3 Liability of the Superior Courts of Justice
450
Liability of Inferior Courts of Justice
451
Malicious Prosecution and Other Malicious Process
455
Erroneous and Irregular Proceedings
465
Maintenance
468
CHAPTER XVIII
470
The Breach of Statutory Duties
472
The Breach of Common Law Obligations
477
Newbold 418 421 Baily v Morland 253 259 260
7

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Popular passages

Page 32 - The court said there must be reasonable evidence of negligence; but where the thing is .shown to be under the management of the defendant or his servants, and the accident is such as, in the ordinary course of things, does not happen if those who have the management use proper care, it affords reasonable evidence, in the absence of explanation by the defendant, that the accident arose from want of care.
Page 194 - We think that the true rule of law is that the person who, for his own purposes, brings on his land and collects and keeps there anything likely to do mischief if it escapes, must keep it in at his peril ; and if he does not do so, is prima facie answerable for all the damage which is the natural consequence of its escape.
Page 147 - King defendeth that none from henceforth make any entry into any lands and tenements, but in case where entry is given by the law. and in such case not with strong hand, nor with multitude of people, but only in peaceable and easy manner.
Page 60 - An action against a trade union, whether of workmen or masters, or against any members or officials thereof on behalf of themselves and all other members of the trade union in respect of any tortious act alleged to have been committed by or on behalf of the trade union, shall not be entertained by any court.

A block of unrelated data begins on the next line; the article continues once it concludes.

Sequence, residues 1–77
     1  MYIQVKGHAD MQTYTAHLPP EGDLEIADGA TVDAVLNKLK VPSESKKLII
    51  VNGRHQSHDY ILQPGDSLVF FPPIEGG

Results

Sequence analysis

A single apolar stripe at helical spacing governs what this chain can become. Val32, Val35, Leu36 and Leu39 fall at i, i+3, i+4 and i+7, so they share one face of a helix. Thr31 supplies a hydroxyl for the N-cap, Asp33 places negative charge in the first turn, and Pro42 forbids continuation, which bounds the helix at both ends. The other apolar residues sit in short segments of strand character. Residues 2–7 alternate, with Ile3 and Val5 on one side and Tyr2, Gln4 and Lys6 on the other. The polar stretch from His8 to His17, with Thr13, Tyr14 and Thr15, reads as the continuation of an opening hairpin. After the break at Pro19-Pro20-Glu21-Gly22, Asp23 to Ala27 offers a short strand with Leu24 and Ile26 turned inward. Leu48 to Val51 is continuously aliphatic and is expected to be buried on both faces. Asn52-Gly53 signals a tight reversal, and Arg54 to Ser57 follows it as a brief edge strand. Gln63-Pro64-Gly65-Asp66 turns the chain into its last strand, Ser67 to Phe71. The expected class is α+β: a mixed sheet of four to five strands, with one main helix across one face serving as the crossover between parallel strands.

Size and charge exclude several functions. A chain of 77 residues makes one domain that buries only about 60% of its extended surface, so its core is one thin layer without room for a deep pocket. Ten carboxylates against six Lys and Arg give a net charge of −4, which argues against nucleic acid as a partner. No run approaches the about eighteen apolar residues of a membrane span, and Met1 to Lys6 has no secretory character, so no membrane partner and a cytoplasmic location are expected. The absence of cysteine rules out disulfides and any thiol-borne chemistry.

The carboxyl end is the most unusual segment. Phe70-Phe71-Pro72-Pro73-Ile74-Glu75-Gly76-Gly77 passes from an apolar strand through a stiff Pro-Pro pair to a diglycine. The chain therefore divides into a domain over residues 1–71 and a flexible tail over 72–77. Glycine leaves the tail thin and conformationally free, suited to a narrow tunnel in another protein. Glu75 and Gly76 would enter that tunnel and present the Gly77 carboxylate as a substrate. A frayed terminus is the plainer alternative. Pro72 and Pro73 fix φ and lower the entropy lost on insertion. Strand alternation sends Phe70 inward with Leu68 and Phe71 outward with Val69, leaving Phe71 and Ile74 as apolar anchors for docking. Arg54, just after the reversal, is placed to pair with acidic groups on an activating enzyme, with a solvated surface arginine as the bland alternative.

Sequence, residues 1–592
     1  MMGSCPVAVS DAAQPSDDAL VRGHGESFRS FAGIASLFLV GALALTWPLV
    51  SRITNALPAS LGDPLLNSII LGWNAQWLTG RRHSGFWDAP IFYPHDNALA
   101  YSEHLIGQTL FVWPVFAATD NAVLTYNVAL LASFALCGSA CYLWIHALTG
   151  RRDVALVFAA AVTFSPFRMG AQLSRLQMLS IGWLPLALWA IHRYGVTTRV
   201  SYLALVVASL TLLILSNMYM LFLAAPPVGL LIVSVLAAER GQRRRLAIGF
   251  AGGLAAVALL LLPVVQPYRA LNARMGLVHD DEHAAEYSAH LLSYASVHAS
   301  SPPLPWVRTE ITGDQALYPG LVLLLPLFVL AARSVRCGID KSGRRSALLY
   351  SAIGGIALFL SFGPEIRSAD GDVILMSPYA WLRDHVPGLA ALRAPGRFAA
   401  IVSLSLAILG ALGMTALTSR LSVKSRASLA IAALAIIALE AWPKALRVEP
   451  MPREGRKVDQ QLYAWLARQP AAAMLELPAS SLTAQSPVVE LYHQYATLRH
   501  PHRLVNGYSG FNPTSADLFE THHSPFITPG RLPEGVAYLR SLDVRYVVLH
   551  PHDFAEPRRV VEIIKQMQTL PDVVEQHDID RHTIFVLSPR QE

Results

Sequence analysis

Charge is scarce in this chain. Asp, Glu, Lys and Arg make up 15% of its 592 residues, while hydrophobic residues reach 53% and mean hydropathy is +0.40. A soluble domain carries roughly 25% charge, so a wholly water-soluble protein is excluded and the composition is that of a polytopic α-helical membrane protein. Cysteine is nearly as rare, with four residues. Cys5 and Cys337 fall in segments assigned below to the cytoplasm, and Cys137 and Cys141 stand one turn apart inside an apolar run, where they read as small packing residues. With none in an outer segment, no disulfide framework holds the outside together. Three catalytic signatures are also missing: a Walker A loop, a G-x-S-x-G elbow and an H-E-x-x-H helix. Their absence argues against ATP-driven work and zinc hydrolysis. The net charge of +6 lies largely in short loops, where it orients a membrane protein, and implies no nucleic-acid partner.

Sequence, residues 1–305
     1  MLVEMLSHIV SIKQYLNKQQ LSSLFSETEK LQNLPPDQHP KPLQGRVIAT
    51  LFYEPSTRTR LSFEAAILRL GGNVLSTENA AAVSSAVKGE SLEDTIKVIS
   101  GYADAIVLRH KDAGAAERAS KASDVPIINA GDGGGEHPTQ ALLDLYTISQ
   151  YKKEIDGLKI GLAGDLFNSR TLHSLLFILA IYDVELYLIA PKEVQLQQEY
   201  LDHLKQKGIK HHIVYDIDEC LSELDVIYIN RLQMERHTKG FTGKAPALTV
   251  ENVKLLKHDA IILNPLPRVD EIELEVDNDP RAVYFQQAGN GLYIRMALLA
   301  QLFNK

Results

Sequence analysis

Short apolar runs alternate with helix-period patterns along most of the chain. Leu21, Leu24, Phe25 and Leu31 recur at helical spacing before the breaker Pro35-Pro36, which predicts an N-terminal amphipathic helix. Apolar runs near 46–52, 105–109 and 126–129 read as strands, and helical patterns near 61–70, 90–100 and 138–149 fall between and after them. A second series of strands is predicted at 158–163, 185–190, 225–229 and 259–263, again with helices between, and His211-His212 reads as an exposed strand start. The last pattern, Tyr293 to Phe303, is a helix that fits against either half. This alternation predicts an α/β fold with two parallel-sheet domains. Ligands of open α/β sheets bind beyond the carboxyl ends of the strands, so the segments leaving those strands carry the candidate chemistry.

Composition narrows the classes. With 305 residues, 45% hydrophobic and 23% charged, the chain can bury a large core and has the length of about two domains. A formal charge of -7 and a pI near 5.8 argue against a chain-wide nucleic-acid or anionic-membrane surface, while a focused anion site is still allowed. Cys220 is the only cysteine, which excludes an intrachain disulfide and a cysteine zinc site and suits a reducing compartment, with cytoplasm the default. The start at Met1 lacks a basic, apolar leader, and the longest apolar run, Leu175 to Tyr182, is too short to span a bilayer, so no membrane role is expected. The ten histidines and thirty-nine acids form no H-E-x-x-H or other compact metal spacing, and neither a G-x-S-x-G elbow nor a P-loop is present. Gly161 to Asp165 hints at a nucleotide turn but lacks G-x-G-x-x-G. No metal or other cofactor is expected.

Page 38 - But there is another proposition equally well established, and it is a qualification upon the first, namely: that though the plaintiff may have been guilty of negligence, and although that negligence may, in fact, have contributed to the accident, yet if the defendant could in the result, by the exercise of ordinary care and diligence, have avoided the mischief which happened, the plaintiff's negligence will not excuse him.
Page 30 - The judge has a certain duty to discharge, and the jurors have another and a different duty. The judge has to say whether any facts have been established by evidence from, which negligence may be reasonably inferred ; the jurors have to say whether, from those facts, when submitted to them, negligence ought to be inferred.
Page 78 - That an act done for another, by a person not assuming to act for himself but for such other person, though without any precedent authority whatever, becomes the act of the principal if subsequently ratified by him, is the known and well-established rule of law.
Page 20 - Viet. c. 51 ; with an Introduction, Copious Notes, and References to all the Decided Cases in England, Scotland, and Ireland. An Appendix of Statutes, Tables, and a full Index. By ALFRED HANSON, of the Middle Temple, Esq., Barrister-at-Law, Comptroller of Legacy and Succession Duties.
Page 474 - An act done by a person in contemplation or furtherance of a trade dispute shall not be actionable on the ground only that it induces some other person to break a contract of employment or that it is an interference with the trade, business, or employment of some other person, or with the right of some other person to dispose of his capital or his labour as he wills.
Page 256 - ... it is a right only to the flow of the water, and the enjoyment of it, subject to the similar rights of all the proprietors of the banks on each side to the reasonable enjoyment of the same gift of Providence.